Marc Lamont Hill: Americans' political paranoia: Wide, deep, nuts ... and human

Posted: May 11, 2011

IMMEDIATELY after quelling the birth-certificate controversy, President Obama created another scandal last week in the wake of the government-sanctioned assassination of Osama bin Laden.

After successfully ordering and executing the hit, Obama insisted that bin Laden be buried at sea to honor the Islamic tradition of quick burial. With no physical body to offer as proof, conspiracy theorists quickly determined that bin Laden wasn't really dead, or that he'd been dead for a long time and the Obama administration was simply stealing credit. Although seductive, this conspiracy theory is almost certainly untrue. After all, if bin Laden were still alive, he would love nothing more than to taunt the American government with one of his infamous "you can't catch me" video clips.

Also, in the era of WikiLeaks and 24-hour cable news, it would be nearly impossible, not to mention politically suicidal, for the Obama administration to fake the murder of bin Laden. Still, countless bloggers, activists and pundits are buying into the idea that it was all staged.

So why do people believe this stuff?

The answer is simple: Conspiracy theories let us off the hook. They allow us to make sense of the world in ways that reflect our own experiences, needs, desires and fears. They let us accept the most counterintuitive claims imaginable despite considerable evidence to the contrary.

This is why so many people were willing to believe that Obama was not an American citizen despite the string of document releases, sworn affidavits, private investigators and firsthand accounts that have been released regarding his Hawaiian birth.

Even after the president released the long-form birth certificate, a small but persistent group of conspiracy theorists now says that the birth certificate is fake. One crafty (and by "crafty" I mean psychotic) group of conspiracy theorists has argued that the birth certificate was created with a typewriter that wasn't manufactured until years after the president's birth. Wow. Just . . . wow.

For such people, it is easier to accept that two countries, multiple hospitals, several families and countless state officials all hatched a 47-year plot to make a Kenyan baby president than to simply accept that America has matured to the point that it could elect a black citizen to the highest office in the land. For these folk, the conspiracy theory is just a pretext for racism.

Although conspiracy theories are typically wacky, they are often rooted in fundamental social truths. For example, the black community was filled with genocidal conspiracy theories during the 1980s and '90s, such as the belief that Kentucky Fried Chicken and Snapple were secretly owned by the Ku Klux Klan, which was inserting secret ingredients to make black people sterile.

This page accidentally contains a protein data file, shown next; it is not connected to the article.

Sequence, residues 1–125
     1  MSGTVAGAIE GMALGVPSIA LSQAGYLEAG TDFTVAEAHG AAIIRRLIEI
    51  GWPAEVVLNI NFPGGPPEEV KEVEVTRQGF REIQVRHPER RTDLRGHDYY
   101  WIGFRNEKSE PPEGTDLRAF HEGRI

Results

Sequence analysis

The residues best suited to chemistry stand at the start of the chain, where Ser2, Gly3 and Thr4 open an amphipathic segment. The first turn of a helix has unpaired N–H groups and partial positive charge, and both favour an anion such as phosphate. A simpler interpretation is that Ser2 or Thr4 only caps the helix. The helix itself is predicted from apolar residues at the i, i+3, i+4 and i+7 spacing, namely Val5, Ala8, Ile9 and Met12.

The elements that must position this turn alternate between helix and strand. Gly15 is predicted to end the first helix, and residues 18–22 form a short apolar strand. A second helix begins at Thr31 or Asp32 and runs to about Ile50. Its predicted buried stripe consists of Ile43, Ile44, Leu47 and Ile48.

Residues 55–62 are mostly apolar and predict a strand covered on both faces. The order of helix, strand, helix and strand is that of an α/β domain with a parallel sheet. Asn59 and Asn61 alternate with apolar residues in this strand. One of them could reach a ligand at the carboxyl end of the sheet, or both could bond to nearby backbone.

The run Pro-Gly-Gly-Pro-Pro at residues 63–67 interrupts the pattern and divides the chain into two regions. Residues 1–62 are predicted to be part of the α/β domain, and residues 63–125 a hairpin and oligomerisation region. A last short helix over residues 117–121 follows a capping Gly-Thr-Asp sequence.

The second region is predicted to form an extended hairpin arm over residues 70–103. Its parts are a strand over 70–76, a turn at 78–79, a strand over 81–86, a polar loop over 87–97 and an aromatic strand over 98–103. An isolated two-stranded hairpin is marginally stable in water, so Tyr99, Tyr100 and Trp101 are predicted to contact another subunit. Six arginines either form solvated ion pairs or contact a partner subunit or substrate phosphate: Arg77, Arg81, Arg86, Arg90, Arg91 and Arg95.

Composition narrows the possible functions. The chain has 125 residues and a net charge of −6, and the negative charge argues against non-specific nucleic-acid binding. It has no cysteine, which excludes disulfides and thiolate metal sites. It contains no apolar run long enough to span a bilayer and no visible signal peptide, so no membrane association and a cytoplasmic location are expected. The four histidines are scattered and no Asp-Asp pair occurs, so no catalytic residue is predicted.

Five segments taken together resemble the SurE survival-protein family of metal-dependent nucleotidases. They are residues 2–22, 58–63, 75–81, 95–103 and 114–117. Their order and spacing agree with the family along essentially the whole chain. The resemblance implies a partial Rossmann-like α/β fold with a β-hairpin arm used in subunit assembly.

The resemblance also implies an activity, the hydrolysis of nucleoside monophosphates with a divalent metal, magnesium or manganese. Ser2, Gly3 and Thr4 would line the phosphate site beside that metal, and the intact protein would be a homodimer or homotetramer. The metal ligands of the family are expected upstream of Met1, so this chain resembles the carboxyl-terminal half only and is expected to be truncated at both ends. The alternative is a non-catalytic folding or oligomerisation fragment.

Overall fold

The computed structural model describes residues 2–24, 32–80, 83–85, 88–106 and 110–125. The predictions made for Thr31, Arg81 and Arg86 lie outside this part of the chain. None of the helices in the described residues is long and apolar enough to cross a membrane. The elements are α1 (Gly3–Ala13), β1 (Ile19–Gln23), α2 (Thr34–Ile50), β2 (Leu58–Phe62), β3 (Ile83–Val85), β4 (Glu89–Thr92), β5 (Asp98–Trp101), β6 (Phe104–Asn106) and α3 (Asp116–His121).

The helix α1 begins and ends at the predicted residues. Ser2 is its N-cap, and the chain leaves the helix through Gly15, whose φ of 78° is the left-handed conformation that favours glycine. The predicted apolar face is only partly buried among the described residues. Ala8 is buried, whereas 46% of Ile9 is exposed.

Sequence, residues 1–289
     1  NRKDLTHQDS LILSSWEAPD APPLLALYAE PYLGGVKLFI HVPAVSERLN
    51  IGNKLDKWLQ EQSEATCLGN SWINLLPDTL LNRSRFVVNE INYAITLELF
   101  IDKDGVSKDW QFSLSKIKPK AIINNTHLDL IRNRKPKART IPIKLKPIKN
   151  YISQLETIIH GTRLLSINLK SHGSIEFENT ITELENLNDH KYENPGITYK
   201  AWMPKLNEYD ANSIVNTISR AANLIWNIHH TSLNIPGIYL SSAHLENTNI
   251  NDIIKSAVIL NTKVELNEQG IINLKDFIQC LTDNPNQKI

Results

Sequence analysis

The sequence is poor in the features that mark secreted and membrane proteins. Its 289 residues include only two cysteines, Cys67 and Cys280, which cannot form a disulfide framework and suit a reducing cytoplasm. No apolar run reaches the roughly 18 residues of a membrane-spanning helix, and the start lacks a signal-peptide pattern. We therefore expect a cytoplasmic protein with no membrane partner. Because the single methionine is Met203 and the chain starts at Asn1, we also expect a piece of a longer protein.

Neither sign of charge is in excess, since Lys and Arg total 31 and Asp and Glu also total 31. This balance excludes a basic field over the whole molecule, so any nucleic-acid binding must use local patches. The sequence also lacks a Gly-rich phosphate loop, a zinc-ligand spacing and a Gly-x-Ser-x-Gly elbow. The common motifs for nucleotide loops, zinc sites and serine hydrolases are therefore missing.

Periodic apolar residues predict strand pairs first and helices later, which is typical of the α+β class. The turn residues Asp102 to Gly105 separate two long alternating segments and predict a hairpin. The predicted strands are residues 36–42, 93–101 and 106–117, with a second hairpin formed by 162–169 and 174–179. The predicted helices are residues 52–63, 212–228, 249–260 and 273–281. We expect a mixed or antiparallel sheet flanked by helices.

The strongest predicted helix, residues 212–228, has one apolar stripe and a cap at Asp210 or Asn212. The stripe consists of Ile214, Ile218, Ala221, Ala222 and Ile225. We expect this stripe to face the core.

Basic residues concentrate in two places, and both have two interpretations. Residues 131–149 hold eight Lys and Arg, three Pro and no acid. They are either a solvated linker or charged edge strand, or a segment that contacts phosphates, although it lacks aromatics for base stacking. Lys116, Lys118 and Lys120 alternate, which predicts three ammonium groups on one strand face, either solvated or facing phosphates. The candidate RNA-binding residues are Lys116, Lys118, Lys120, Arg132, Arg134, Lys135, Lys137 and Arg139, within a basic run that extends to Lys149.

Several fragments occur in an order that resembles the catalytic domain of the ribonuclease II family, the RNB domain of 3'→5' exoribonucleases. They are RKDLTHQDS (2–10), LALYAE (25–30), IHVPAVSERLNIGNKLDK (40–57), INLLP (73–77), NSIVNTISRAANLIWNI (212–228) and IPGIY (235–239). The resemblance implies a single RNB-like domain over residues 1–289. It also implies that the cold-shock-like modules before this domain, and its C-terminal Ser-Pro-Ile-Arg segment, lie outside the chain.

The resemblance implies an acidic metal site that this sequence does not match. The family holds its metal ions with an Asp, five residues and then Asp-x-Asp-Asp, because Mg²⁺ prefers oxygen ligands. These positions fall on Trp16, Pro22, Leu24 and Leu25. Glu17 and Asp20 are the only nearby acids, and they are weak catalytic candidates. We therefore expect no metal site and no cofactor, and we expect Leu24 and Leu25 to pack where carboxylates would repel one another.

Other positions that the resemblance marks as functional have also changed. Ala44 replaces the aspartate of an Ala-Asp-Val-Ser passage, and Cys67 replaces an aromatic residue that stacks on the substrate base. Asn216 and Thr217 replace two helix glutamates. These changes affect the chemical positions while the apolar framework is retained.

Although there was no truth to these rumors, they didn't come out of nowhere. At the same time that these stories were circulating, conservative members of Congress were trying to force welfare mothers to take Norplant, a long-term contraceptive, as a condition of receiving public assistance. So, although the KKK sterilization theory may have been far-fetched, its plausibility was enhanced by the very real assault on the reproductive freedoms of black bodies.

Conspiracy theories also soothe our deepest insecurities. This is why so many hip-hop artists are willing to buy into the ridiculous rumor that Jay-Z is a member of the Illuminati, a secret society bent on world domination. Propagators of this theory argue that Jay-Z's remarkable success as an artist and businessman are linked to his membership in a dastardly underworld of mustache-twirling, Gargamelesque powermongers. Of course, there isn't a shred of truth to this rumor. But that isn't the point.

It never is.

By accepting conspiracy theories as true, we can make sense of other people's success without having to accept our own shortcomings. Imagine how much of the rest of the NBA would feel if they found out that Michael Jordan was taking performance-enhancing drugs, or that LeBron James' body was actually made of robot parts. At the end of the day, it feels better to think that someone is cheating than to think that they're simply better than you.

Conspiracy theories also speak to our deepest dreams and desires. This is why the passing of celebrities like Buddy Holly, Elvis Presley, JFK, Marilyn Monroe and Tupac are quickly followed by rumors that they faked their deaths and are living in hiding. Through these stories, we are able to sidestep the pain of loss and embrace a sense of hope that we'll be able to see the ones we love one more time.

Conspiracy theories are not just the product of paranoid people or unscrupulous demagogues. They are a complex phenomenon that reveals the different layers of human nature. They serve as windows into the human experience.

Oh, yeah, and sometimes they're actually true.

Daily News editor-at-large Marc Lamont Hill is an associate professor of education at Columbia University and host of "Our World With Black Enterprise," which airs at 6 a.m. Sundays on TV-One. Contact him at MLH@marclamonthill.com.

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